Asian Region


Thanks to US President Donald Trump and his “America first” policy, the global economic and trade outlook perhaps has never been so uncertain. Nowhere are these economic and policy shock waves being felt more than in China. And, Beijing is responding the same way it does every time it anticipates trouble – by pumping cash into its system.

It has already used targeted reserve requirement cuts for select banks. This week the People’s Bank of China (PBOC) pushed US$74 billion into the system to get funds to the small-business sector. The State Council also announced US$200 billion of infrastructure spending to boost what were weak infrastructure numbers, while the currency fell to 6.8 to the dollar to take the edge off tariffs. It’s a playbook we have seen before

US-China trade war: who wins, who loses?

To some, Beijing’s rapid fiscal and monetary moves may seem like strength: it is proactive, decisive and has the financial capacity to act to avert the worst. But in reality, it is a sign of utter confusion. Trump has clearly thrown China off kilter.

In the past few years, Beijing has understood the threats to the economy and has started to clamp down on risks in the financial sector, cross-border flows and the shadow banks. There have been successes, and many traditional metrics of credit growth or shadow-banking balances did slow or fall, but often the lending merely rebranded itself under a different name.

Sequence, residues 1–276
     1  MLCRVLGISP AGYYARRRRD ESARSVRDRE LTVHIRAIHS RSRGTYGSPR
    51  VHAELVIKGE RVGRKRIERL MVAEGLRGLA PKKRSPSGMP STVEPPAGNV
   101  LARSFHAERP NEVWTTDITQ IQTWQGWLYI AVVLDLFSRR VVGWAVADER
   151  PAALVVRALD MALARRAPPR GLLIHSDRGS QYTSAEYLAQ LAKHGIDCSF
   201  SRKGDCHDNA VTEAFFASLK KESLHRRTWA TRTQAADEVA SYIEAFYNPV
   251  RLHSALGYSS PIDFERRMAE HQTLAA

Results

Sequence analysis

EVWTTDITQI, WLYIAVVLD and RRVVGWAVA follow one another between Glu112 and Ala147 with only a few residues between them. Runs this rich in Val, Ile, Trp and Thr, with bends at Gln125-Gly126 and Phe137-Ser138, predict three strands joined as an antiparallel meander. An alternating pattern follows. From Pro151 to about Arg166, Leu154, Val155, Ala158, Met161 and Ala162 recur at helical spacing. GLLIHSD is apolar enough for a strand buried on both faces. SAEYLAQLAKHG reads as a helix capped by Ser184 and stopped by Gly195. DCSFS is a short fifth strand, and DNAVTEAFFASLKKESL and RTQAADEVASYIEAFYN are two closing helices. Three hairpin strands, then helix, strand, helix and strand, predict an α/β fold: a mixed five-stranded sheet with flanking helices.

A container ship in the East Lamma Channel on the way to Hong Kong. Photo: EPA

Now the calculus has changed again. Trump went lightly on China in his first year, and was best friends with President Xi Jinping. This gave the Chinese a false sense of security when dealing with the Donald. A focus on North Korea, not trade, didn’t prepare Beijing for what came next.

Trump has for years talked tough when it comes to China and trade. His basic metric to measure the relationship, the deficit, is a poor one. But that debate has brought into the open the unfairness and unlevel playing field for foreign businesses in China.

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